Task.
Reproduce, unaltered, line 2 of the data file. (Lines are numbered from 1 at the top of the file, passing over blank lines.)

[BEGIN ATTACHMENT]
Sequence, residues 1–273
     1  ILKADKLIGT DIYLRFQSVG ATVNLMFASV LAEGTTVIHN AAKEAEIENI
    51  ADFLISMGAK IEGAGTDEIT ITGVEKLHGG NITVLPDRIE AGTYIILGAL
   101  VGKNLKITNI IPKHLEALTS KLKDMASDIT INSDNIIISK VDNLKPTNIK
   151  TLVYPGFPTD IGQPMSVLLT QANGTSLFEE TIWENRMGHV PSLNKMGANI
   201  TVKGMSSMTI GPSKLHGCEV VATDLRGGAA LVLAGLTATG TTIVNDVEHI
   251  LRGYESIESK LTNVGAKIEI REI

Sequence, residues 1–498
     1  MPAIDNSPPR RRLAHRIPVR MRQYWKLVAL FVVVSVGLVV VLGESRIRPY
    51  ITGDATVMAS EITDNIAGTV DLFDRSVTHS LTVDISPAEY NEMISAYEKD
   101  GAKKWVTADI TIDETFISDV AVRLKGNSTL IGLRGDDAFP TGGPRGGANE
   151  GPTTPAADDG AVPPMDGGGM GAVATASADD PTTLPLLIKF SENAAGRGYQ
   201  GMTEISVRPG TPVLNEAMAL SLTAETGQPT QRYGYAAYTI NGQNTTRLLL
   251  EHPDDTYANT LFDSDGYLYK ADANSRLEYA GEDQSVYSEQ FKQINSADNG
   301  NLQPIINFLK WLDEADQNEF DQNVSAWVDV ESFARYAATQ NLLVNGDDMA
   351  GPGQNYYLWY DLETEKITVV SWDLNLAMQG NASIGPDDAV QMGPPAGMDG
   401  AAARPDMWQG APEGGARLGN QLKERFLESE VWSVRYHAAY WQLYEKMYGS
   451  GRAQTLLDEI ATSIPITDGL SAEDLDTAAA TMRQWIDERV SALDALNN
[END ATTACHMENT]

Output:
     1  ILKADKLIGT DIYLRFQSVG ATVNLMFASV LAEGTTVIHN AAKEAEIENI